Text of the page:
And because the well-known media have spread Nashers Bluff so eagerly, he will probably be labeled a faculty member at Stanford University for a long time and no one will question it.

After the above article was published, Nasher threatened a massive smear campaign in which he posted his misrepresentations and defamations against the author via a “press mailing list de luxe, who accesses almost 1000 press pages ”wants to send. It is not the first time that the professor at Munich Business School has spread massive slander and misrepresentation about the author.

Not only does the 40-year-old's behavior show increasing psychological abnormalities, but he also reveals considerable intellectual deficits and, above all, a terrifying ignorance of the international MBA market. This is shown by his remarks on the internationally known and renowned CEIBS (China Europe International Business School) in Shanghai. Nasher describes the leading business school in China as "completely obscure" and "unknown". The would-be Stanford professor can hardly demonstrate his complete ignorance any better. This is of course embarrassing for Munich Business School, which likes to present itself as an international business school and where Nasher teaches in the MBA program.

On February 13, 2020, Nasher, as a "colleague", sent an email with massive slander and false allegations of fact about the author to professors at several business schools. At the Munich Business School one does not seem to mind the judicial and probably also criminally relevant behavior of their professor. On February 17, Nasher followed suit, urging the same recipients to distance themselves from the author by making several false assertions of fact. He even sent illegal, long outdated and non-public court orders.

When asked whether the behavior corresponds to the mission statement and the value concept of the Munich Business School, President Alfred Gossner and Dean Stefan Baldi remain silent. Needless to say, Nasher is still referred to as a faculty member at Stanford University on the private university's website.

Trio infernale

In his slander, Nasher also repeatedly refers to the impostor and notorious liar Suzanne Grieger-Langer, haufe.de recently reported on their controversial customer list, and their absurd conspiracy theory is also based on some of Nasher's numerous defamations. In the meantime, however, he had to delete them - which of course does not prevent Grieger-Langer from spreading them further. The third in the trio infernale that Nasher and Grieger-Langer refer to - be it on their website or in the video - is Christopher Jahns.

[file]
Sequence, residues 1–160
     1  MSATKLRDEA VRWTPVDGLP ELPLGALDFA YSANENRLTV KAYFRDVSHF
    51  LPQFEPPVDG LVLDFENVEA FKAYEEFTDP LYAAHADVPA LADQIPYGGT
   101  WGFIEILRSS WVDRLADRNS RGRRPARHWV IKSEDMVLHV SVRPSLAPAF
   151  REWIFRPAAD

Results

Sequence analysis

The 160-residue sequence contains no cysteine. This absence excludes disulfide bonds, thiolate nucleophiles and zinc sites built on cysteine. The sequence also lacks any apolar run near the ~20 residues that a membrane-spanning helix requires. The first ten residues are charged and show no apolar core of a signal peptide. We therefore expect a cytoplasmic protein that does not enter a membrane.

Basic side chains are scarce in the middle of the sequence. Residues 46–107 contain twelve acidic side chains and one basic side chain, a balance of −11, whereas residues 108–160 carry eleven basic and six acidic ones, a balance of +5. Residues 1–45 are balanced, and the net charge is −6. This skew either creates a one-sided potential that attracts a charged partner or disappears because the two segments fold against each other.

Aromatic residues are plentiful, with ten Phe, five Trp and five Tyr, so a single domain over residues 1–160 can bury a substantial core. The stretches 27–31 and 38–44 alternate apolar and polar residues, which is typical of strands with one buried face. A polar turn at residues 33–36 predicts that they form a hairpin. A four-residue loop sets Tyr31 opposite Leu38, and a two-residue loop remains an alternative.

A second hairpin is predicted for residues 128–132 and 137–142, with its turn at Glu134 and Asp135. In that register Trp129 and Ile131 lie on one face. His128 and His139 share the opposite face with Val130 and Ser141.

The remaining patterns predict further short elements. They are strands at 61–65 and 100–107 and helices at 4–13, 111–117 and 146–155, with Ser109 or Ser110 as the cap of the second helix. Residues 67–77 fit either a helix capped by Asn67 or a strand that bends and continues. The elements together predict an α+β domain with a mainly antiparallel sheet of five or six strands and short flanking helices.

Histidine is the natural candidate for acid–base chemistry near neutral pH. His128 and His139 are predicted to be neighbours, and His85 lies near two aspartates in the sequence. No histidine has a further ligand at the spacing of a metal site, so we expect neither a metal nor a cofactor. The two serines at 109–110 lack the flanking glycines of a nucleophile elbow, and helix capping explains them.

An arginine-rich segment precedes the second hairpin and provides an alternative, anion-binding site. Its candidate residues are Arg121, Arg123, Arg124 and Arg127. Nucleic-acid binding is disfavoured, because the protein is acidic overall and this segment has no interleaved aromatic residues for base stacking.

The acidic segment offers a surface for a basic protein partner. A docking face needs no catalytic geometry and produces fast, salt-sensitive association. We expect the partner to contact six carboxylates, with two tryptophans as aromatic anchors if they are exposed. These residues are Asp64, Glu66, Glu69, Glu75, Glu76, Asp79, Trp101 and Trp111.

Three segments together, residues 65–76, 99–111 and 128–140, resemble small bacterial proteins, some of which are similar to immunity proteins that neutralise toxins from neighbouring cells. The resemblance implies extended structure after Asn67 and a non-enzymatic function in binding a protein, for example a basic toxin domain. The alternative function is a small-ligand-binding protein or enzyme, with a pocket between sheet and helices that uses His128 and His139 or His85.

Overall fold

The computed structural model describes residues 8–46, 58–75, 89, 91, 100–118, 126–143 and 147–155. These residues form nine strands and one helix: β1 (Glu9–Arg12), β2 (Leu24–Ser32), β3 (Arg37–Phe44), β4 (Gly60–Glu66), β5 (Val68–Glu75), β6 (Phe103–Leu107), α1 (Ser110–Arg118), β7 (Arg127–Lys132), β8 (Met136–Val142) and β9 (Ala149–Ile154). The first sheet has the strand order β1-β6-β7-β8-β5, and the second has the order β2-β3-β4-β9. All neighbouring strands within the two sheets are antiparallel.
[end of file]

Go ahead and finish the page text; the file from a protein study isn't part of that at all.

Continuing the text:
The former president of the EBS University of Economics and Law, who will soon have to answer in court again for suspected commercial infidelity, has now jumped on the defamation campaign against the author. For example, he is angry about the author's “perfidious speculation” about an imminent admission to psychiatry ”. It was the public prosecutor who demanded his briefing in 2017 because Jahns refused to have his negotiating ability checked again. So he obviously wanted to evade a new main trial of his criminal trial. Already in 2017 the Wiesbadener Kurier headlined: “Fit for business, sick for the court” and wrote: “In Wiesbaden judicial circles one speaks of a“ scandal ”. Because Jahns wanted to "trick" himself. "

Update (July 10, 2020): On March 27, the Frankfurt Regional Court banned Jack Nasher from making five false statements about the author on its website and in his emails to professors at renowned business schools. Nasher appealed against the decision and failed on all five points (judgment of July 3, 2020). More about it here.

Update (July 28, 2020): He also incorrectly refers to himself as a "Faculty Member of Stanford University" on his website.

Update (1.12.20): Nasher has now been legally convicted, which does not prevent him from spreading more old and new false statements and slander. He also maintains the false statement that he was a faculty member at Stanford University.

Update (3/18/21): Like the Munich Business School, Nasher sticks to the false statement. His Stanford profile has since been refined. Nasher is “staff” and does not belong to the faculty.

Share article now about:

About Bärbel Schwertfeger

Bärbel Schwertfeger is a graduate psychologist and has been working as a freelance journalist in the field of management, further training and personnel development since 1985.